In this blog series, we’ve asked each of our six coaches about the top five lessons they have learned about training. Next up in the series is Oli Grounsell, who has extensive experience as a coach having been coaching since he was 18. Oli also has a long history of personal training, having been a GB team member, climbed up to 8c+ (Megalopa, at Lower Pen Trwyn), E9 (Mission Impossible) and V13. Oli’s top training advice is focused around asking for support, listening to your body and being in tune with the rock.


“Even the most experienced trainers and climbers could often do with some external input.”


1. Ask a friend! 

Even the most experienced trainers and climbers could often do with some external input. You might think the plan you designed is doing it’s best to work your weaknesses, but there’s a good chance that in reality it’s slightly shy and you’re actually doing a lot of exercises and protocols which are a little closer to your strengths than ideal. This winter, I’m going to get Ollie Torr to do me a plan 😉

Butcher’s Choice (V10), Grampians

2. Record your training

Tick off those sessions as you go along. Before I had ever done any training, the satisfaction I got from climbing inside for long periods of time was limited. When I began training and following a plan, I was surprised by how satisfying it was to tick off a session, measure progress and complete a week of hard training. 


“When I’m training hard, I don’t always expect to be performing”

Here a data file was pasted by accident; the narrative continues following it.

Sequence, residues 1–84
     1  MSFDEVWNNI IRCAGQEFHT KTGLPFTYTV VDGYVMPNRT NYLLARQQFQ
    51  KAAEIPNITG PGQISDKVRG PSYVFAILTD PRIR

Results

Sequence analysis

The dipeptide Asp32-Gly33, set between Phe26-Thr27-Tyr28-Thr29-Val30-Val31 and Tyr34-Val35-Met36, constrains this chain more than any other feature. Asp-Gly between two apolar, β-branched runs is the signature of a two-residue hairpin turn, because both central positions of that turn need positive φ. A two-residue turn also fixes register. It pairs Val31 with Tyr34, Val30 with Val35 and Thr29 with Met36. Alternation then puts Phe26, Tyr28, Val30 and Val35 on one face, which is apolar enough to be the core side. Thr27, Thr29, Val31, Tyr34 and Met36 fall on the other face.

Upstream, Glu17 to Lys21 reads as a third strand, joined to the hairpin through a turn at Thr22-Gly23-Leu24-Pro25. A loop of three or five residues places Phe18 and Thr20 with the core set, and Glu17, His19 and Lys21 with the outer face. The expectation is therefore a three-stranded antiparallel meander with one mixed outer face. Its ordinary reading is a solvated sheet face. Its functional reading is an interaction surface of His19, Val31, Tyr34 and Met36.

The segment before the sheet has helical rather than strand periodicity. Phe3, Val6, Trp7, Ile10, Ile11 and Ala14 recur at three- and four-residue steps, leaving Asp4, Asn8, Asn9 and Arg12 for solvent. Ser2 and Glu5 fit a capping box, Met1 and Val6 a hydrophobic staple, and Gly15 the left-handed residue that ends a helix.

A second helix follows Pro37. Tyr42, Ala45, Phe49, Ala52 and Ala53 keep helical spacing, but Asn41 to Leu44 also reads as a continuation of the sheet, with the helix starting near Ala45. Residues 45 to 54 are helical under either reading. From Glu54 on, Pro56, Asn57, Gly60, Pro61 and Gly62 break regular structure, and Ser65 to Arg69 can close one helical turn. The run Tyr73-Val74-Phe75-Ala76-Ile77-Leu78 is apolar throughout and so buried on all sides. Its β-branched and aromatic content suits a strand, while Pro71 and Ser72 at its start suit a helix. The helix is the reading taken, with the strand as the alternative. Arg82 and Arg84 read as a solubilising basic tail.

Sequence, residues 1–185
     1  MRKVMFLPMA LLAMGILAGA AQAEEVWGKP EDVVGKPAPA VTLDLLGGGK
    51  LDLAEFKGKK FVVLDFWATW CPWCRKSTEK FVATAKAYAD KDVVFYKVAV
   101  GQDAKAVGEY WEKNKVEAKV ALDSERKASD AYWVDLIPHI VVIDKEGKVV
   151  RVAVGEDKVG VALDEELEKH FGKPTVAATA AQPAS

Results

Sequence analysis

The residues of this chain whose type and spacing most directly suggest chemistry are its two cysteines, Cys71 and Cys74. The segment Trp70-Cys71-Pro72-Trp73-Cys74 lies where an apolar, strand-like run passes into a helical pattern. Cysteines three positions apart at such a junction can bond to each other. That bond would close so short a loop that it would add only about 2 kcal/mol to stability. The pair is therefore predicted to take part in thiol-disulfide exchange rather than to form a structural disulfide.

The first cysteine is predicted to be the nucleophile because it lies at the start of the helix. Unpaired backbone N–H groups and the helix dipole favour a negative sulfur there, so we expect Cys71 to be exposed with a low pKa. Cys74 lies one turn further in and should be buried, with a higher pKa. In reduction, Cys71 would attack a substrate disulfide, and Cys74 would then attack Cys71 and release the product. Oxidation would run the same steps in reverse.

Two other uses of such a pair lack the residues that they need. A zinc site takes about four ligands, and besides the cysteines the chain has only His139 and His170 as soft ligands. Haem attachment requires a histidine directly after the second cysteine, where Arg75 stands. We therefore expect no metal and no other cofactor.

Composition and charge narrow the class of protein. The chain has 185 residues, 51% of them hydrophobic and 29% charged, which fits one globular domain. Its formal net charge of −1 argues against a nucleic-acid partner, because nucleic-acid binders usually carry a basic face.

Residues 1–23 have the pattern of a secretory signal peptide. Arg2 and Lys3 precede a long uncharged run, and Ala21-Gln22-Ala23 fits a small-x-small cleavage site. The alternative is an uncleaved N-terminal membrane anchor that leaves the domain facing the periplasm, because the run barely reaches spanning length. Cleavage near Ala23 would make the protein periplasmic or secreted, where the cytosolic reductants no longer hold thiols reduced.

3. Keep in tune with the rock, but don’t expect performance.

I tend to do the majority of my training in winter, when it’s easy to focus on training as it’s normally raining in Sheffield! However, there are the occasional brighter days and I will take these opportunities to get out on the rock. It’s mentally refreshing to be outside and it’s important to remind yourself how to actually climb on rock, but I don’t expect to be performing. Similarly, when it comes to climbing outside again following a period of training, don’t expect immediate transfer to the rock. This may take some time, so don’t be despondent if even a few weeks down the line you are not quite where you want to be!

El Sendero Luminoso (5.12d), El Toro, Mexico

4. Listen to your body, but don’t over analyse. 

Progression and training adaption is never linear. It’s normal to have the odd day where it feel like you may have gone backwards, and on these days it’s fine to slightly adjust the session to match the expected RPE. Don’t suddenly start thinking that your training is going backwards; be sure to look at the bigger picture.


Progression and training adaption is never linear.


5. Motivation

Remember that climbing and training for climbing should be fun! Sure, some sessions may not be total type 1 fun, but at the end of the day training and climbing should be something which is enjoyed. If you are struggling to enjoy the process, take a step back and think what your motivations are. It’s totally normal for motivations to shift over time, and just because there is a change here it doesn’t mean anything is wrong. Without sounding like a hippy… go with the flow.

Yukon 2 (E6 6B), Nescliffe

Keep up to date with the Lattice blog for upcoming features from the rest of our coaches. Check out our Training Plans if you’d like to start your own plan with the Lattice team!